7.30 am – sitting on the steps, watching the waves crash against the sand.  No-one around, except for a few people setting up shop, a kid playing with a dog, a lonesome man with a suitcase waiting for a water taxi.

8 am – mmmmm, porridge and bananas for breakfast – with a fresh coconut.  LIFE IS GOOD : )  Oh, wait a sec, is that Matthew Sweeney over there?  I cower behind my book – a ridiculous feeling of guilt sets in.  Why for god’s sake?  Is it the teacher/student yes sir-no sir inferiority complex I suffer from, or simply not wanting to intrude on what is most probably his time before the course starts?  If we pass each other do I introduce myself?  Or do I just feign ignorance?

9 am – time for a swim.  Beautiful, wonderful, refreshing sea!  Waves crash, crash down on me!  I venture towards the sun, arms reaching and pulling through the strong tide.  How liberating!  I glance back to the distant land, smile to myself, yes this is heaven!  And then I think of The Beach.  How similar this scene could be to when the shark strikes, and reality comes tearing in.  What would I do out here if something happened?  I turn back, riding and tumbling with the waves back into shore.  Caught out by a sudden surge, I fall, face first, breaking the surface glimpsing the gentle undulations of a white, translucent cloud.  Pain, unbearable pain, as it folds its venom across my eyes, nose, forehead.  I start to panic.  Clambering to shore, can’t see.  Is it the venom, or the salt water?  Not many people are around, do I ask for help?  Is somebody meant to piss – on my face?  Somehow I make it back to my room, burning welts forming in fine lines, like the lashings of a poisonous whip.  I weep.  The frightened tears of a child in a pain they don’t understand.  And then I breathe.  Ujjayi breath.  The deep, soothing rattle at the back of my neck.  Jeremy Knowles, a school friend, swam 30 miles from Abaco to Nassau when he was 16 years old.  He was stung many times, all over his body, and face.  He was ok.  I was going to be ok.  The tears stopped.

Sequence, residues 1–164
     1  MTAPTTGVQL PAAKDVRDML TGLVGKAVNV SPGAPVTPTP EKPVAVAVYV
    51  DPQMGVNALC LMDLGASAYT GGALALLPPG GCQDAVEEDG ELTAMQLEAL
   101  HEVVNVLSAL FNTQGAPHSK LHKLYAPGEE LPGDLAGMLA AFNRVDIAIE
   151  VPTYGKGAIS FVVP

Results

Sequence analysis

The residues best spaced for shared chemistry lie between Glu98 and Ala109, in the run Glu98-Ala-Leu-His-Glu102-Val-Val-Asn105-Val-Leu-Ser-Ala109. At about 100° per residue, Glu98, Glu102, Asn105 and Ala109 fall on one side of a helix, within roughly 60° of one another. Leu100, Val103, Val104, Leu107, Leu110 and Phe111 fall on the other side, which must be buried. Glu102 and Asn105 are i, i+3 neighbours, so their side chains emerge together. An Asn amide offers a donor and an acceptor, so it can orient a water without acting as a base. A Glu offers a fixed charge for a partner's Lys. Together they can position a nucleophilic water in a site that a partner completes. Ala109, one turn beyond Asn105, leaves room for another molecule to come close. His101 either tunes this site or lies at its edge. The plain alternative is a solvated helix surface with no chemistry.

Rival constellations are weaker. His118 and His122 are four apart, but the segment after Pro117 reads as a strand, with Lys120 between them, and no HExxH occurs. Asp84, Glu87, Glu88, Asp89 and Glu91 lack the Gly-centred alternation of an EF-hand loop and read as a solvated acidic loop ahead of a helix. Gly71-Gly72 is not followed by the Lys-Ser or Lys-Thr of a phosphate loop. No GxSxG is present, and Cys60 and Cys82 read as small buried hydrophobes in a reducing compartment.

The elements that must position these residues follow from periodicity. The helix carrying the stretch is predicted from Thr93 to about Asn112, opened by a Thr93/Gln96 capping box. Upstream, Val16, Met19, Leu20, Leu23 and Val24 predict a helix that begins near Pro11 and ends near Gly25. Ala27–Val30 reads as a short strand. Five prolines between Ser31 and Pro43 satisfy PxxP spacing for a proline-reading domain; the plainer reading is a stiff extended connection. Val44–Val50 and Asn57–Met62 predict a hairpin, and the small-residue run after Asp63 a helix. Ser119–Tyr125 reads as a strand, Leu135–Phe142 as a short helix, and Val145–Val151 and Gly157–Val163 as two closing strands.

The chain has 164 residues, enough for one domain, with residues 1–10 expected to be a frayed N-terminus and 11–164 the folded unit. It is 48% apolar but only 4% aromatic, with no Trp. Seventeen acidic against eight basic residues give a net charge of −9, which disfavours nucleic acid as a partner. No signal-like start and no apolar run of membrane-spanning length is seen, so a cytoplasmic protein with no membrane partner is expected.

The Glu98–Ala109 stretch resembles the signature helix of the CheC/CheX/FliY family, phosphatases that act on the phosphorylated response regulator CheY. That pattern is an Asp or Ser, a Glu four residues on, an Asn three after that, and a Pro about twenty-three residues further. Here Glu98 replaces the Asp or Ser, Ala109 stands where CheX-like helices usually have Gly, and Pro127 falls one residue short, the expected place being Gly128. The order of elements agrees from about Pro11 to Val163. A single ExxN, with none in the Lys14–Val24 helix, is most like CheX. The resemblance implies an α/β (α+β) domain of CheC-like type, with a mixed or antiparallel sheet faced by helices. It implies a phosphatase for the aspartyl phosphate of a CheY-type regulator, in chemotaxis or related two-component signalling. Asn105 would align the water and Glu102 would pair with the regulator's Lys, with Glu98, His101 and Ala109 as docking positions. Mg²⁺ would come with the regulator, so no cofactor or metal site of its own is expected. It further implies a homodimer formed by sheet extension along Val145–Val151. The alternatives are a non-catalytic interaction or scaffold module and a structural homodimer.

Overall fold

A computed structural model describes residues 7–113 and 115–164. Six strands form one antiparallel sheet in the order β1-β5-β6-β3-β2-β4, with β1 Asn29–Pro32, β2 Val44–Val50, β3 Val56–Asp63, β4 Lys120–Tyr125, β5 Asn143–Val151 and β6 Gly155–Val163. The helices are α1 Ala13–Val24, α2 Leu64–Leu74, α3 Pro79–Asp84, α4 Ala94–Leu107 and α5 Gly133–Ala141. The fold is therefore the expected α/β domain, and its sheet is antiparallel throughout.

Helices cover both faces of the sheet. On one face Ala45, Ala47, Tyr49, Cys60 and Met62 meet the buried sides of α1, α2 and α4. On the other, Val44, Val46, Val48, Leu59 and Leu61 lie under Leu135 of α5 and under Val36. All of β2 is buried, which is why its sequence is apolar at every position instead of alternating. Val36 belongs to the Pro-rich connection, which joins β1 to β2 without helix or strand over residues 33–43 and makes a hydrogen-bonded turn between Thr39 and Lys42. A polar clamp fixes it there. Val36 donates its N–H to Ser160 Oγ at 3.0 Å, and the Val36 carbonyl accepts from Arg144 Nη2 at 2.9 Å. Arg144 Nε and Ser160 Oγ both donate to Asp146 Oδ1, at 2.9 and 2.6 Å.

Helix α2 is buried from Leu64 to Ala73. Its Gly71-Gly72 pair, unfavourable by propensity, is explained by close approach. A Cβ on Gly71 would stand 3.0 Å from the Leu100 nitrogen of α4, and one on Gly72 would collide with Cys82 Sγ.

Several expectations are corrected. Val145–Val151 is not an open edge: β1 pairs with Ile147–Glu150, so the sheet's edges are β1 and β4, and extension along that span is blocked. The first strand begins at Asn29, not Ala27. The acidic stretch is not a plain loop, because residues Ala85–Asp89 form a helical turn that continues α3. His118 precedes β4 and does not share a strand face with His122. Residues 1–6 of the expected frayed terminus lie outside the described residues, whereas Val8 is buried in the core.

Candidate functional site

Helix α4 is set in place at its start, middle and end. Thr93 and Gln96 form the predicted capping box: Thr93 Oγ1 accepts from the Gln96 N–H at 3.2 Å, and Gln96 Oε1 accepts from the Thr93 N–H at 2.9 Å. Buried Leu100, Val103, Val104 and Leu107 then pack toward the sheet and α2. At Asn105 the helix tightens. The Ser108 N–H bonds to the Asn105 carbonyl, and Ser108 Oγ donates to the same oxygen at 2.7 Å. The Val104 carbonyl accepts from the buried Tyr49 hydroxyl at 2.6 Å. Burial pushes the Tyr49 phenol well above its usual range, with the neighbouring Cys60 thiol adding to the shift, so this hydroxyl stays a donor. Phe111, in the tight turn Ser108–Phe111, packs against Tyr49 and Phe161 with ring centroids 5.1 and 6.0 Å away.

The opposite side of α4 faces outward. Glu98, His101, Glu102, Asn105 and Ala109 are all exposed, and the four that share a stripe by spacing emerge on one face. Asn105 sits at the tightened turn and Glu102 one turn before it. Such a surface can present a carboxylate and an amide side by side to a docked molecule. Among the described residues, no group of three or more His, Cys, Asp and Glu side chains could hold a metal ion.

11 am – Recuperating with three chocolate balls and a cup of Wellbeing leaves, in the Tea Temple.  The chocolate balls are glorious, absolutely glorious.  I like the quiet, welts are going down.

1 pm – lunch with Gabriella on the rocks.  Hilarious conversations about life and love.

6 pm – Meditation in the Buddha Temple.  Free sessions every night, with different styles, different guides.  This time its Kitran.  Guitars and chants, mantras and singing, sometimes in English, sometimes in Sanskrit.  English cynicism aside, I have to say I loved it.  Not all that different from drunkenly singing and swaying with family and friends to The Fairytale of New York, at Christmas time.  Something I’m learning about meditation is that it’s not something that can be taught.  It’s not some spiritual mystery that takes monkhood to uncover.  There’s this abundance of channels all around us.  The sounds of nature, the 50th lap in a pool, singing your heart out to your favourite song, sitting in the dark watching the flames of a candle…writing this blog in a quiet corner of a cafe.  We just can’t always recognise it as such….sometimes it takes someone to point it out to us.

8.40 am – eating breakfast again…in that quiet cafe.  Looking out to sea, and wondering whether I should brave the waters again…